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Priming of the decomposition of ageing soil organic matter: concentration dependence and microbial control

Author:
  • Johannes Rousk
  • Paul W. Hill
  • Davey L. Jones
Publishing year: 2015
Language: English
Pages: 285-296
Publication/Series: Functional Ecology
Volume: 29
Issue: 2
Document type: Journal article
Publisher: Wiley-Blackwell

Abstract english

The amount of carbon (C) stored in soil is an important regulator for the global climate and soil fertility and is the balance between formation and decomposition of soil organic matter (SOM). Decomposition of SOM can be powerfully affected by labile carbon (C) supplements in, for example, the rhizosphere. A stimulation of SOM mineralisation induced by labile C additions is termed priming', and the mechanisms for this phenomenon remain elusive. The most widely held explanation assigns priming to successional dynamics in r- and K-selected groups within the microbial community; groups which have also been connected with fungal (K-selected) and bacterial (r-selected) decomposers. New evidence has also suggested that recently formed SOM is particularly sensitive to priming. We investigated (i) the labile C concentration dependence of SOM mineralisation, (ii) the susceptibility of differently aged SOM to priming and (iii) if priming is due to bacterial or fungal growth dynamics. To create an age gradient of traceable SOM, we spiked a pasture soil using C-14 glucose, and subsampled plots 1day, 2months, 5months and 13months after application (i.e. SOM aged 1day - 13months). Glucose (0-4000g C g(-1)) was added in subsequent laboratory experiments, and respiration, SOM mineralisation ((CO2)-C-14 evolution), bacterial growth rates (leucine incorporation) and fungal biomass (ergosterol) were tracked during ca. 1week. Mineralisation of SOM aged 2-13months showed similar labile C concentration dependencies, and priming increased mineralisation of SOM systematically by up to 350%. The glucose treatments induced variable microbial growth responses for differently aged SOM, which were unrelated to the priming effect. That successional dynamics in microbial r- and K-selected groups, or bacterial and fungal decomposers, respectively, underpinned priming was incompatible with the results obtained. An alternative explanation could be that SOM transformation by extracellular enzymes, for subsequent respiration, could be triggered by labile C. In conclusion, labile C primed the mineralisation of 2-13months aged SOM, and the mechanism for this priming was unrelated to microbial growth dynamics.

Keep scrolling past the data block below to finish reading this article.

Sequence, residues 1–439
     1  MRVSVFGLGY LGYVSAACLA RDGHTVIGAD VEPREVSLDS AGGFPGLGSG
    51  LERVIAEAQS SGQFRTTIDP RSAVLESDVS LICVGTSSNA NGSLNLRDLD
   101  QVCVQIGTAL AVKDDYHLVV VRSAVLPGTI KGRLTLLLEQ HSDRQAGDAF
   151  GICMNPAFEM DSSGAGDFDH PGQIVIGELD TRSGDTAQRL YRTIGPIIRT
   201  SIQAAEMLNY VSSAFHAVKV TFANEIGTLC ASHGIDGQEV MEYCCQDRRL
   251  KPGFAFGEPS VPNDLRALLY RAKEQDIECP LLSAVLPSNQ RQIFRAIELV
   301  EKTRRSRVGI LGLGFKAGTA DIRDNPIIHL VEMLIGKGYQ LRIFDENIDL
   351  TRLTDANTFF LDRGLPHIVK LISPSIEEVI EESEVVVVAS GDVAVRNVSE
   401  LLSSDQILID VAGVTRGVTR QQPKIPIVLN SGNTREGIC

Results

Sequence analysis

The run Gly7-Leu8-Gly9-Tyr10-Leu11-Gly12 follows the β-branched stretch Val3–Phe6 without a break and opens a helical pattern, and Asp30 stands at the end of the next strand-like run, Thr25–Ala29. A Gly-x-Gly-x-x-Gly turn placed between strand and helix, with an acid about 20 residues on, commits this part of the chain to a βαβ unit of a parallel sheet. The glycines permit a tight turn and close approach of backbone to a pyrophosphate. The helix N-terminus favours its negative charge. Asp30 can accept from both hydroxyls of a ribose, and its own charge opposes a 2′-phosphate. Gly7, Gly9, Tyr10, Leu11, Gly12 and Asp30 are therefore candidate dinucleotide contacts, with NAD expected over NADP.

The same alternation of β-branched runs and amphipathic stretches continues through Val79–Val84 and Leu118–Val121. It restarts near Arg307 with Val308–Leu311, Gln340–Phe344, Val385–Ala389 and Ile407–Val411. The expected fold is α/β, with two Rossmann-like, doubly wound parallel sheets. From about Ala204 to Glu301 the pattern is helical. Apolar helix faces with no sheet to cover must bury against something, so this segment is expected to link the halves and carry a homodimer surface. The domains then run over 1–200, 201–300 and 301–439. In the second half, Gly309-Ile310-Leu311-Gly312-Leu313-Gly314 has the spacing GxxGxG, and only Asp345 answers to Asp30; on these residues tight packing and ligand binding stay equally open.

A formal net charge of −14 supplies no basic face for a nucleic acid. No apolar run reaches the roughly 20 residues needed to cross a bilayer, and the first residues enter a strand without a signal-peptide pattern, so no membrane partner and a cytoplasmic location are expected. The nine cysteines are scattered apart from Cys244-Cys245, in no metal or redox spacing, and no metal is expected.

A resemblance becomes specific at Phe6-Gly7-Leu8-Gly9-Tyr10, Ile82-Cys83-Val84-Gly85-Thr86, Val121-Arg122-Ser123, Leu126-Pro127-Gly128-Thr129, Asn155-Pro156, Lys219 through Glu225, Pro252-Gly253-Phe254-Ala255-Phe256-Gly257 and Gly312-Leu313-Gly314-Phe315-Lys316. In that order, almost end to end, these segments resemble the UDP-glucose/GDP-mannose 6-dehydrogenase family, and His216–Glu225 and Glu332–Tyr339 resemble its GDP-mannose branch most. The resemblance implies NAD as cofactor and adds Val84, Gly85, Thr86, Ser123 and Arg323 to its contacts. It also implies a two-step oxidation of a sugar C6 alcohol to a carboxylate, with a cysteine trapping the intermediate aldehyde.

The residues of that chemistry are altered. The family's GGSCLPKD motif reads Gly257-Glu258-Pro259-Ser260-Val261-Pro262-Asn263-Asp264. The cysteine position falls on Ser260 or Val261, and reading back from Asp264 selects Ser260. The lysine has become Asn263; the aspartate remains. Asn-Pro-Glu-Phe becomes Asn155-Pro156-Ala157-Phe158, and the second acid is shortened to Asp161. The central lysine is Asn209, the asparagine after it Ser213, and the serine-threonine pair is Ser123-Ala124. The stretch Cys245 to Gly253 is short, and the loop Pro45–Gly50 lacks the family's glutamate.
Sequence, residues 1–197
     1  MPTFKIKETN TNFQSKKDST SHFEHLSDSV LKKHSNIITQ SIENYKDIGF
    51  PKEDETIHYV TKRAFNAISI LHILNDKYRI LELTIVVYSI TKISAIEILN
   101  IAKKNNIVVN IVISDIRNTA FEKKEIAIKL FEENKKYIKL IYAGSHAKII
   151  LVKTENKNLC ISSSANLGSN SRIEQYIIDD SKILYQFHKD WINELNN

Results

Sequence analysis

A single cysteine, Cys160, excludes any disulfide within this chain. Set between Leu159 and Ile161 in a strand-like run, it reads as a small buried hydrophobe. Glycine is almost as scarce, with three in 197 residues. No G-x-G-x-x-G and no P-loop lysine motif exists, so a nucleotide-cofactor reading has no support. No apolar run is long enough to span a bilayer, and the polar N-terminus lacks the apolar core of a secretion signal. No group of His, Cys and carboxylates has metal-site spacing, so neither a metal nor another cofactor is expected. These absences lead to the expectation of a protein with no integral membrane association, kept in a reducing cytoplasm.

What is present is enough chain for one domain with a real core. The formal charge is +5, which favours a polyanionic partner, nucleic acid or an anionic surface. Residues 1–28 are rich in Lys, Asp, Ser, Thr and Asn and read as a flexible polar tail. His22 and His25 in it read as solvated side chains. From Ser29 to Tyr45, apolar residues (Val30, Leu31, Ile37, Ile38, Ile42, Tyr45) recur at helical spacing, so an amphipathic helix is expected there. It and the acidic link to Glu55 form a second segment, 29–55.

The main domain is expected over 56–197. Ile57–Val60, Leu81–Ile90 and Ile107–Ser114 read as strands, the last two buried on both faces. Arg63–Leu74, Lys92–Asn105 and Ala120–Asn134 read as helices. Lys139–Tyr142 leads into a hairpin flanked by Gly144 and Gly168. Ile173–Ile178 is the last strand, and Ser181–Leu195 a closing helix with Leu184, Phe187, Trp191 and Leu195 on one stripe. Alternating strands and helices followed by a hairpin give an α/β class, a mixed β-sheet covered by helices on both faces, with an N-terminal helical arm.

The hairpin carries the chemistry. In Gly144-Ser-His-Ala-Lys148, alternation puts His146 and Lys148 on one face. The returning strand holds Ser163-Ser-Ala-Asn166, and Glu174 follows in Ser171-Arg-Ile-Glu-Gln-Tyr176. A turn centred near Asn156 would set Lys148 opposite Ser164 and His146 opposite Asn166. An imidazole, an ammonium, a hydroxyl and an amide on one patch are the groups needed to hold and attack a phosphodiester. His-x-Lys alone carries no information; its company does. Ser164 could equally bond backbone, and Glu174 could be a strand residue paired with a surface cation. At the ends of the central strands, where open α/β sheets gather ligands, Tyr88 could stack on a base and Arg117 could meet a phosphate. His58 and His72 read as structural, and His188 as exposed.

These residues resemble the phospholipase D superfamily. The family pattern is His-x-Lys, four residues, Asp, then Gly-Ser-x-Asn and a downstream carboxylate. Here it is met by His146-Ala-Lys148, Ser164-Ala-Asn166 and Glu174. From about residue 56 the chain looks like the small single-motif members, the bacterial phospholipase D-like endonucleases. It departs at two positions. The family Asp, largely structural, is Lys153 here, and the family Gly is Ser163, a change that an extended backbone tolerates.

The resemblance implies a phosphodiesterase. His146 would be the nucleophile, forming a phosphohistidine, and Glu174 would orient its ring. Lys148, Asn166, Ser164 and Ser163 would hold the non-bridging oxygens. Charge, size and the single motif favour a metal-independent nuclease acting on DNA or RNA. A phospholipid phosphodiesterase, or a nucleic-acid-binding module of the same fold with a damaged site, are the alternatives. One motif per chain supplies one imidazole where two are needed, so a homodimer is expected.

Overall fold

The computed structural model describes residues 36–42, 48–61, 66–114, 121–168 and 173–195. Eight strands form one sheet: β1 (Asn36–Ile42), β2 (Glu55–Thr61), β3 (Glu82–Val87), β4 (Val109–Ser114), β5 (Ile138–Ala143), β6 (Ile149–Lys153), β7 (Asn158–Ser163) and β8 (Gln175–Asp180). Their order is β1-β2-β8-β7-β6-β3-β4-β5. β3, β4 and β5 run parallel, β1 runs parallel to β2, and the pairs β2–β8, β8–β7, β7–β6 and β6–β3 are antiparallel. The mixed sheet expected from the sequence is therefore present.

Keywords

  • Biological Sciences
  • global change biology
  • microbial community dynamics
  • microbial
  • decomposer ecology
  • microbial nutrient mining
  • priming effect
  • rhizosphere
  • soil carbon sequestration
  • soil organic carbon turnover

Other

Published
  • Interaction between fungi and bacteria in soil
  • Effect of environmental factors on fungal and bacterial growth in soil
  • Microbial carbon-use efficiency
  • MICCS - Molecular Interactions Controlling soil Carbon Sequestration
  • Microbial Ecology
  • ISSN: 1365-2435
JR photo
E-mail: johannes [dot] rousk [at] biol [dot] lu [dot] se

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